Oculus founder Palmer Luckey spoke at length on Twitter regarding realistic expectations for the Oculus Rift headset and how heavily the price will be subsidized.
Speculation regarding pricing for the Oculus Rift continues to run rampant, as an announcement grows more and more likely for January. Yet while Oculus may be keeping the exact price under lock and key, that isn’t stopping founder Palmer Luckey from working to manage consumer expectations with regards to cost. A series of posts on Twitter and Reddit had Luckey reiterating one simple idea in a variety of ways: the consume release of the Oculus Rift is going to be expensive.
Luckey framed the entire series of posts with the idea that Oculus, as well as their VR competitors, are bending over backwards to make this first generation of headsets as affordable as possible. If just one of his tweets encompassed that thought, it would be this one:
With “Facebook resources” Luckey made clear that Oculus isn’t such a company and that the Rift won’t be near that expensive. Oculus and competitors will be subsidizing a huge amount of costs in order to get their headsets in the hands of VR enthusiasts. He even goes so far as stating that the Oculus Rift will be, “insanely cheap considering complexity.” It’s up to consumers to speculate what “insanely cheap” means when it’s clear the true costs of a headset can reach as high as $1000.
It’s the nature of consumers to argue over price points. Every consumer has a price in their mind for what they’d be willing to spend on an Oculus Rift, and if Oculus doesn’t hit that mark then the consumer will consider that a problem. The higher the price, the more consumers will be unhappy. And at this stage of its life, what could be VR’s greatest threat is online discourse turning against it. Now factor in production limitations that will almost certainly not meet demand no matter the price and Luckey has his work cut out for him.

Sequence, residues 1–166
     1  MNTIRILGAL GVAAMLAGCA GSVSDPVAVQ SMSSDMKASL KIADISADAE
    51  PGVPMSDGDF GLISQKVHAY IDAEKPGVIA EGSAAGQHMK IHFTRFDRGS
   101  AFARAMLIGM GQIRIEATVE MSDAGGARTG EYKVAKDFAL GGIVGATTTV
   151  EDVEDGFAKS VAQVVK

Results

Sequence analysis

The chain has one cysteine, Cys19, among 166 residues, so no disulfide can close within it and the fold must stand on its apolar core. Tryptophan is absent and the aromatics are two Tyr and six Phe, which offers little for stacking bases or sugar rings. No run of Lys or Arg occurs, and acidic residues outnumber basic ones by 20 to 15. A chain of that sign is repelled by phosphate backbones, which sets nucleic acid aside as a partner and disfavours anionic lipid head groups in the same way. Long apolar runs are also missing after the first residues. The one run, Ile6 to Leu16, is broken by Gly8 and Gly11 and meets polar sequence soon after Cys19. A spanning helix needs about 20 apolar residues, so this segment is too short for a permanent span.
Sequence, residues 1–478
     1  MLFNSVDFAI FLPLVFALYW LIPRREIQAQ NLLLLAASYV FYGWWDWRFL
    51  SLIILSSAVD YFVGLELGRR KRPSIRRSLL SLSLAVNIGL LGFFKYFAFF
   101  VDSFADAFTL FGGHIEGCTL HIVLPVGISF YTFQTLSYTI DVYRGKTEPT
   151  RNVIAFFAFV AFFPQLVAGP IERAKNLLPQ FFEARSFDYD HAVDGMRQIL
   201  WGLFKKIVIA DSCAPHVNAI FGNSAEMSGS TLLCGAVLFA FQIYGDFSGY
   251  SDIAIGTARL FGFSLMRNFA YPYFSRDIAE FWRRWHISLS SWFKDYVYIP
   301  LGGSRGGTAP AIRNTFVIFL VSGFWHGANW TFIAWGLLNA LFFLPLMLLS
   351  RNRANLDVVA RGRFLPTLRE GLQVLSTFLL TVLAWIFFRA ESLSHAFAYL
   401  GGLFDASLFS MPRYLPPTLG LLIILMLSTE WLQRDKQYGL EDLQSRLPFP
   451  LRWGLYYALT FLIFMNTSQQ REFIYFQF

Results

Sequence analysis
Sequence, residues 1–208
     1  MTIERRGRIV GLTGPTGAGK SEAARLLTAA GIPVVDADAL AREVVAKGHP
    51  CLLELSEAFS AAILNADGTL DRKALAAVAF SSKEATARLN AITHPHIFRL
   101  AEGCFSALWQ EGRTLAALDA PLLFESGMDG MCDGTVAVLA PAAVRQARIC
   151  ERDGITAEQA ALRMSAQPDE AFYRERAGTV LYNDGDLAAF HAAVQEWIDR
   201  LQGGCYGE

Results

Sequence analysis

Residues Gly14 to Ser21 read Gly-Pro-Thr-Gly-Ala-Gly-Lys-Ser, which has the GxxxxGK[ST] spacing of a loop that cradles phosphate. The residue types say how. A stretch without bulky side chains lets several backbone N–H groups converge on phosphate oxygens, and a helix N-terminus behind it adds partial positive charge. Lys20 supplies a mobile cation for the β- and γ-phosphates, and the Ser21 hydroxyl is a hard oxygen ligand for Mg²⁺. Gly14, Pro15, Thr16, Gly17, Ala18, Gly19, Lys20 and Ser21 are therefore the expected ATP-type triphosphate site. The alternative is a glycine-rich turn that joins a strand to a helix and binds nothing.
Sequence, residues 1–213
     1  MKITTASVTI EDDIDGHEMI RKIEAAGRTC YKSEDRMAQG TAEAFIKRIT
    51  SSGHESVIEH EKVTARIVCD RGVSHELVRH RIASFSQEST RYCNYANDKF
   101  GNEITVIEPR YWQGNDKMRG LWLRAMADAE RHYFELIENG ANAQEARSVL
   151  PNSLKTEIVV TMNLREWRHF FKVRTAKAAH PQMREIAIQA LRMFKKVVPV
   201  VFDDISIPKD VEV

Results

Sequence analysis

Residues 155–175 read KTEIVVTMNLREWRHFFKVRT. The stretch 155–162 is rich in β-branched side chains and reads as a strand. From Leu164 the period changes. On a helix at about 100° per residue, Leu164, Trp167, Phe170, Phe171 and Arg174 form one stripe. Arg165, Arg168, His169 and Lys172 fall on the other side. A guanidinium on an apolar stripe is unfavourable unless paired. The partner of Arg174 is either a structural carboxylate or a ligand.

All said factors must be considered while knowing that every dollar that Oculus drops the price of the Rift will be coming directly from the company coffers. Oculus not only respects that, but embraces it:
“I specifically said that even selling at cost is not enough to make VR as affordable as everyone wants – people who think we are going to come out ahead on hardware don’t understand that our goal is to make the VR market as large as possible so developers (and Oculus) have a large enough addressable market to make VR content financially viable and self-sustaining.”
Does any of what Luckey has said online in the past few weeks get us any closer to a price point for the Oculus Rift? It’s less than $1000, which Luckey described as turning a profit. $700-900 might be closer to at-cost, but Luckey made clear that they’ll be subsidizing a good chunk of the price. He even went so far as to say it’ll be “insanely cheap” when considering its at-cost price. And he’s also stood by the quote that an Oculus Rift and a PC that can run it properly will be at least $1500.
That leaves consumers with a price range likely falling anywhere between $300-700, with the low and high of that being beyond anyone’s expectation. $500 is perhaps the most realistic goalpost, but with HTC Vive delaying their headset Oculus is now the front runner. They could absolutely get away with a $600-700 price and still struggle to meet demand for a very long time. But that wouldn’t necessarily be best for making VR the revolution that Oculus would love for it to be.
What is the correct price for the Oculus Rift? Will it even matter? Any number of other issues could end up defining this first year of our lord VR, 2016 — availability, software, ease of development, competition between headsets and so on. It’s all very exciting and terrifying. Aren’t video games great?